Understanding the Customer Effort Score

The Customer Effort Score is the heart of the CES survey. A customer experience (CX) score, it 

asks customers to rate the ease of completing an action — the customer effort in question; this is usually expressed on a scale of  either “very difficult” to “very easy.” 

The Customer Effort Score has a flexible setup: it can be derived from a scale of 1-5 and 1-7; it can be numeric and text-based.

There are 2 versions of the CES scale:

  1. In the older version, a 5-point scaled question asks: “How much effort did you use to complete this task?”
    1. In this scenario, 1 represents a very low effort, while 5 represents a very high effort. 
    2. Thus the lower the number, the better the CES score, while a higher CES score meant more difficulty, therefore a bad score.
  2. In the newer version, a 5 (or 7, or 10-point) scaled question asks: “How much do you agree with the following?: The company made it easy for me to handle my issue.”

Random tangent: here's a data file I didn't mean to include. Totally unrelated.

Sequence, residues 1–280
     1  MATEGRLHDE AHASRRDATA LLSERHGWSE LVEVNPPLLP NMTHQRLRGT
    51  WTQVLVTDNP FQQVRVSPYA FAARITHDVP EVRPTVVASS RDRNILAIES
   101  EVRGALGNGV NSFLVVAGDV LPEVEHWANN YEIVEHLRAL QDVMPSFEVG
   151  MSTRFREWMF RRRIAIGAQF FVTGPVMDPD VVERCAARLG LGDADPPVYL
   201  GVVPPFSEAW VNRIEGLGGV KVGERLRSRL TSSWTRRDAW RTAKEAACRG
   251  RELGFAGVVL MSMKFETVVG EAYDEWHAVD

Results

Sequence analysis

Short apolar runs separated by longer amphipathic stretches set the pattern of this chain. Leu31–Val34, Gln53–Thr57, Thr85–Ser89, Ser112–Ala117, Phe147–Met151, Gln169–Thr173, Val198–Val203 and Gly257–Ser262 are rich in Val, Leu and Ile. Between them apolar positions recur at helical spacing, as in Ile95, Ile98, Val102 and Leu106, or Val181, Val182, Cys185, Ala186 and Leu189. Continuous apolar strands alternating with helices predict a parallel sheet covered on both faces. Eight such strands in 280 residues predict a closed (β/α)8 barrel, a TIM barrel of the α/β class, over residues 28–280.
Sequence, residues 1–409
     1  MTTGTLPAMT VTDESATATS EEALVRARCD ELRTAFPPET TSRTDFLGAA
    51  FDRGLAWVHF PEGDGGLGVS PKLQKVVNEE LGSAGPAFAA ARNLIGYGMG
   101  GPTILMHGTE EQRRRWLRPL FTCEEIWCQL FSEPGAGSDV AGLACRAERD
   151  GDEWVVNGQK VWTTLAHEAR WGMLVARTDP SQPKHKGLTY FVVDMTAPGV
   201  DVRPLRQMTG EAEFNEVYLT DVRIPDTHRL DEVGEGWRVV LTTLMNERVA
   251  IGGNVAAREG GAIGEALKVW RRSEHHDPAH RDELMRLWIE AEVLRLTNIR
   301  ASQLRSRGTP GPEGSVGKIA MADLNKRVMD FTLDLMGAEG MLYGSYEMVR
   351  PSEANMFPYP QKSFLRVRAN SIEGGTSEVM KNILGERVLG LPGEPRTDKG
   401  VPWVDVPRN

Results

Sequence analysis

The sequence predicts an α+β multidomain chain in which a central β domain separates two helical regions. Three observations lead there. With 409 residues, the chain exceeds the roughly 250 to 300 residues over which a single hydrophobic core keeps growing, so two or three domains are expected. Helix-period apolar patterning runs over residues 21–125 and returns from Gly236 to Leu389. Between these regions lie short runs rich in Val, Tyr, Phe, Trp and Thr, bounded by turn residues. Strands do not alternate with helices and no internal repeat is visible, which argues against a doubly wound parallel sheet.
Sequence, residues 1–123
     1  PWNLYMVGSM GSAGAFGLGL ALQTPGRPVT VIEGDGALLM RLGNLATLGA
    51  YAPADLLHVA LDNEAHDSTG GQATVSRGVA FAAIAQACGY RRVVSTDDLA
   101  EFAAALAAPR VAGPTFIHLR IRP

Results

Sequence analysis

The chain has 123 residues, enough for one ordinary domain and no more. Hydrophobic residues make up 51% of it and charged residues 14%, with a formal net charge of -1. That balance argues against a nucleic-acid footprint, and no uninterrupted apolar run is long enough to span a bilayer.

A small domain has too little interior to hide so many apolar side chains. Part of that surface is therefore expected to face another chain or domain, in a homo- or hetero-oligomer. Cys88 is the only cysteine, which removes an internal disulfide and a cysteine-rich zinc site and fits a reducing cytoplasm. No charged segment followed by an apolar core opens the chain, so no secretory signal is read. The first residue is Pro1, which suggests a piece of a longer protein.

1. This version presents a disagreement/ agreement rating scale. 
    2. 1 represents “strongly disagree” while 5 or 7 represents “strongly agree”, so the scale is from negative to positive, (a higher number represents a better CES score), unlike the first version. 

Calculating the Customer Effort Score

As you can gather, there are various ways to crunch customer effort, that is to derive a rating on customer effort. Once you’ve gotten a number from the scale (based on what your respondents answered with), you can take this further to determine the CES score

There are several ways to calculate the Customer Effort Score. You can use whichever method you prefer for your CES survey. Either way, you’ll be a step closer to working out your customer satisfaction, most notably the degree of your customer effort.